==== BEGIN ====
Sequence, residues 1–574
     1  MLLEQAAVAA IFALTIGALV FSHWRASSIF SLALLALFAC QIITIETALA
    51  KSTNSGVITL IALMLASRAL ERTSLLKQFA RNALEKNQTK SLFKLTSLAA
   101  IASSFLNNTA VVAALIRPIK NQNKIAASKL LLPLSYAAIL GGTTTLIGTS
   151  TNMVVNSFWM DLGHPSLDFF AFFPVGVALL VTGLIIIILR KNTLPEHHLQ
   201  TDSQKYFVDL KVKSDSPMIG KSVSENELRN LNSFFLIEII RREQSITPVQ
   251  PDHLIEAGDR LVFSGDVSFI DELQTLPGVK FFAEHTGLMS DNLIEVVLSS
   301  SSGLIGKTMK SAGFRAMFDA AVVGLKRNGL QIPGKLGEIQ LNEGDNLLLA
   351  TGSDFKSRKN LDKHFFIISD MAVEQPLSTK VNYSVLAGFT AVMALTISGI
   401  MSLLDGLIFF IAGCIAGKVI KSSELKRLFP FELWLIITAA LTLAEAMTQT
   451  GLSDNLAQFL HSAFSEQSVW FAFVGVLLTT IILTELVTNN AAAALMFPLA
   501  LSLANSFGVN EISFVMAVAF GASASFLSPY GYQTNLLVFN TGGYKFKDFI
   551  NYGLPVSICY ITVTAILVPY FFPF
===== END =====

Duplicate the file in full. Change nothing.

Sequence, residues 1–574
     1  MLLEQAAVAA IFALTIGALV FSHWRASSIF SLALLALFAC QIITIETALA
    51  KSTNSGVITL IALMLASRAL ERTSLLKQFA RNALEKNQTK SLFKLTSLAA
   101  IASSFLNNTA VVAALIRPIK NQNKIAASKL LLPLSYAAIL GGTTTLIGTS
   151  TNMVVNSFWM DLGHPSLDFF AFFPVGVALL VTGLIIIILR KNTLPEHHLQ
   201  TDSQKYFVDL KVKSDSPMIG KSVSENELRN LNSFFLIEII RREQSITPVQ
   251  PDHLIEAGDR LVFSGDVSFI DELQTLPGVK FFAEHTGLMS DNLIEVVLSS
   301  SSGLIGKTMK SAGFRAMFDA AVVGLKRNGL QIPGKLGEIQ LNEGDNLLLA
   351  TGSDFKSRKN LDKHFFIISD MAVEQPLSTK VNYSVLAGFT AVMALTISGI
   401  MSLLDGLIFF IAGCIAGKVI KSSELKRLFP FELWLIITAA LTLAEAMTQT
   451  GLSDNLAQFL HSAFSEQSVW FAFVGVLLTT IILTELVTNN AAAALMFPLA
   501  LSLANSFGVN EISFVMAVAF GASASFLSPY GYQTNLLVFN TGGYKFKDFI
   551  NYGLPVSICY ITVTAILVPY FFPF